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    Last edited: Jul 21, 2023
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  4. mctiger

    mctiger RIP, and thanks for the music Staff Member

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    On July 22, 1796, a 50-person survey party from the Connecticut Land Company sets foot on the shore of the "Western Reserve" at the mouth of the Cuyahoga River. Congress had apportioned the land to Connecticut for expansion, and the survey party quickly staked out lots for a city at their landing site. They named the city in honor of the party's leader, General Moses Cleaveland. By the early 1800's the new city had roughly 150 settlers. Around that time, one of the settlers started a local newspaper, intending to call it the Cleaveland Advertiser. Local lore has it the name was too long for the masthead, so the publisher solved the problem by dropping the first "a" from the city's name, giving the new city its modern name. Cleveland today is the largest city on Lake Erie and second largest city in Ohio.
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    On July 22, 1916, San Francisco's Preparedness Day parade is disrupted by a bomb that killed 10 people and injured 40. City officials wanted to hold the parade to show support for America's anticipated entry into WWI. The shindig was opposed by left-leaning labor unions in the city, and nationally by Secretary of State William Jennings Bryan, who noted the large number of munitions manufacturers around Frisco were sure to benefit if the U.S. entered the war. About an hour after the parade (in which more than 50,000 participated) began a bomb went off on Steuart Street. Two radical labor leaders were tried and convicted for the bombing, but the trial was found to be biased and their sentences commuted. The true bomber was never caught. (Images from a Hearst newspaper newsreel film of the parade)
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    On July 22, 1983, Diana Ross finishes what she started. The former leader of the Motown 60's super group The Supremes was at the height of her solo career popularity when she planned a massive concert in NYC's Central Park. Attendance would be free, and merchandise sales would finance a new playground in the park. An estimated 400,000 people and a world-wide TV audience were viewing on July 21, but Ross' opening number was barely complete when storm clouds began gathering. Twenty-five minutes into the show the skies opened in a full-on deluge. Ross continued to sing, at one point telling the audience,"It took me my whole life to get here, and I'm not leaving." But the weather got worse and twenty minutes later, concert officials pulled the plug, but not before Ross promised the audience she'd return the next night. The city was reluctant to comply, but the weather on the 22nd was good and they relented, allowing Ross to finish the show. However, the damage of that many people over two days caused huge cost overruns and the concert was a financial bust. Ross again saved the day, donating $250,000 to fund the proposed playground.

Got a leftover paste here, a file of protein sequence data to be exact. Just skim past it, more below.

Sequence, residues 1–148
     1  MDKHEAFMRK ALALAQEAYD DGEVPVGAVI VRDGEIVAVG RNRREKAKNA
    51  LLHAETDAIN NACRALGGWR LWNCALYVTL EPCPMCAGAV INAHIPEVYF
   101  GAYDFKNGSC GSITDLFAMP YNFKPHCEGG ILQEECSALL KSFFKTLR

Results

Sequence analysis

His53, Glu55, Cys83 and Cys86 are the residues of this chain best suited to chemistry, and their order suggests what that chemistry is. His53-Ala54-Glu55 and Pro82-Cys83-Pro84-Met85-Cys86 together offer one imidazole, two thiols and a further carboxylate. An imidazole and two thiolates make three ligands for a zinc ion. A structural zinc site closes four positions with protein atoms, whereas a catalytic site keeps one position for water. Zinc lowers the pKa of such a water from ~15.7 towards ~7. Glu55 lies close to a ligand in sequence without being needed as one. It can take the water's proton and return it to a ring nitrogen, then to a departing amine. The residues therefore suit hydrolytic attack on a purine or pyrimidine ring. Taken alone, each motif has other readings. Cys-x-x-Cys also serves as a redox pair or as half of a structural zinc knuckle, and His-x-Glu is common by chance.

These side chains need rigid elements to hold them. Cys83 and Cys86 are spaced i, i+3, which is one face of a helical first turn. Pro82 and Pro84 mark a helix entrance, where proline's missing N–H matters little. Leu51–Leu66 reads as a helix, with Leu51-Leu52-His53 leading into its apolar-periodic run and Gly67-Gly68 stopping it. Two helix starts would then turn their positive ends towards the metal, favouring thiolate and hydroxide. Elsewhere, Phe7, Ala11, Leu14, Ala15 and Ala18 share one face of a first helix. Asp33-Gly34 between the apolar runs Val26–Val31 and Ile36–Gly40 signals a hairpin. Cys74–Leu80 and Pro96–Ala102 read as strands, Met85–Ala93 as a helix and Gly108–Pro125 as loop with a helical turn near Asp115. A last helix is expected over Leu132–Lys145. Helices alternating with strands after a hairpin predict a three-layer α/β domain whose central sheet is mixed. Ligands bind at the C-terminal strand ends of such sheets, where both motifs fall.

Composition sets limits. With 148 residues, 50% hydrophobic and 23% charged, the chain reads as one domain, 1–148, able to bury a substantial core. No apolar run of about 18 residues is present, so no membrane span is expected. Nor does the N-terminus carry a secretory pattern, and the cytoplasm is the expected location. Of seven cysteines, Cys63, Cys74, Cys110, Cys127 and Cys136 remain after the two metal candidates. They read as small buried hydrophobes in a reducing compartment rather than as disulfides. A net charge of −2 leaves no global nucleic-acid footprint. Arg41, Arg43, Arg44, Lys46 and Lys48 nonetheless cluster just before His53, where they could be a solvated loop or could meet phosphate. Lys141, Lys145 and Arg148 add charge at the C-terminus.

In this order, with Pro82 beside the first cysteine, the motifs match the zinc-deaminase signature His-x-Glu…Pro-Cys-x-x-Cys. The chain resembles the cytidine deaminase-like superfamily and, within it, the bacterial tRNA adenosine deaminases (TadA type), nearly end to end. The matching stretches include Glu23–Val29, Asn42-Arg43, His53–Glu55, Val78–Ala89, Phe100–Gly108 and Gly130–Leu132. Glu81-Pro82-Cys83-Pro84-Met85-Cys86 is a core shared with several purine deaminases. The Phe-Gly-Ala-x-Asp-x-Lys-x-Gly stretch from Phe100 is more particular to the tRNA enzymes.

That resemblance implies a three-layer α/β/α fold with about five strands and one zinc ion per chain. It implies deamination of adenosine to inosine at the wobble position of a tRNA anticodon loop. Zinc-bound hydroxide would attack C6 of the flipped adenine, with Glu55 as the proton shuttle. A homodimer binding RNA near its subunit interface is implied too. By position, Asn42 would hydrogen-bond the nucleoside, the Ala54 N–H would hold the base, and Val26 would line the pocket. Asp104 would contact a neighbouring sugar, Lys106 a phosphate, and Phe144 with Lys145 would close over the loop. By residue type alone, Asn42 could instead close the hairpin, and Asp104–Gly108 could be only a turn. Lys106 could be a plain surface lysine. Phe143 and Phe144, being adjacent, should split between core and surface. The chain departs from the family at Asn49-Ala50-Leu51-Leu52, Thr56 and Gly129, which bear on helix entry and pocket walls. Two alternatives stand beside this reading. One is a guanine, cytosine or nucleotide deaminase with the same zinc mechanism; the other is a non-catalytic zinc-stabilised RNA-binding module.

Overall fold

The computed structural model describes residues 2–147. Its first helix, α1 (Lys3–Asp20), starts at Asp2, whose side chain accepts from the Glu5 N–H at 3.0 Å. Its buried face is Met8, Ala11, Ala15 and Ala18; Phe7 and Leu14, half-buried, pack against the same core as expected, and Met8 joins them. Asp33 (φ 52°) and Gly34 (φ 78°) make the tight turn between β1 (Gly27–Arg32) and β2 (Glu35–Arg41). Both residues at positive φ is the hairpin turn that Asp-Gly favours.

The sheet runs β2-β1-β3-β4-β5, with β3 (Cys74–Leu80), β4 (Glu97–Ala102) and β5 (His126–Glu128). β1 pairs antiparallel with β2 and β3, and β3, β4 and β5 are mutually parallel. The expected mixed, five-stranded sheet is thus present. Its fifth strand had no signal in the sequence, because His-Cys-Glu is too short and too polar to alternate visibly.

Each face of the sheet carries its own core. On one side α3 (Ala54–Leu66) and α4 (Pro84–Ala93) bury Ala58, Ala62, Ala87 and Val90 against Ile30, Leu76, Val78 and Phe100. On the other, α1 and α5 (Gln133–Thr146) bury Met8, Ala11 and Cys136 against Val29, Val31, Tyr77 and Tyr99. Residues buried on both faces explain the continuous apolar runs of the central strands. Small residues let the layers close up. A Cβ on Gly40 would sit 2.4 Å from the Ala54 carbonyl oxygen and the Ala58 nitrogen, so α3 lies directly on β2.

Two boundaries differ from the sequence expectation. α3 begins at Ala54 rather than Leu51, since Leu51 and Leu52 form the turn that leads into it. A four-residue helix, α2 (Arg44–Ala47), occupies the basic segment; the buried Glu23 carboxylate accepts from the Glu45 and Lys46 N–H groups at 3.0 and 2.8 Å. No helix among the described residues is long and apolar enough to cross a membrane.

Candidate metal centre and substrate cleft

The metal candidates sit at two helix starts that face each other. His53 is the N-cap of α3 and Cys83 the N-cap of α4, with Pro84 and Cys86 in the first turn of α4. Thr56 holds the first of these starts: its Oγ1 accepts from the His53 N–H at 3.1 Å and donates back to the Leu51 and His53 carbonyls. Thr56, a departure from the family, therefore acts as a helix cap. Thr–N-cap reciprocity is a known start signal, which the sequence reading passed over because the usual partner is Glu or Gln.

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    Last edited: Jul 31, 2023
  5. mctiger

    mctiger RIP, and thanks for the music Staff Member

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    On July 23, 1793, former U.S. Senator (from Connecticut) Richard Sherman dies at age 72. Though not a prominent name among the Founding Fathers to most, Sherman had the distinction of being the only person to sign all four of the documents critical to the founding of the U.S.; the Continental Association (a 1774 document calling for trade sanctions by the colonies against the British government), the Declaration of Independence, the Articles of Confederation and the Constitution.
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  6. mctiger

    mctiger RIP, and thanks for the music Staff Member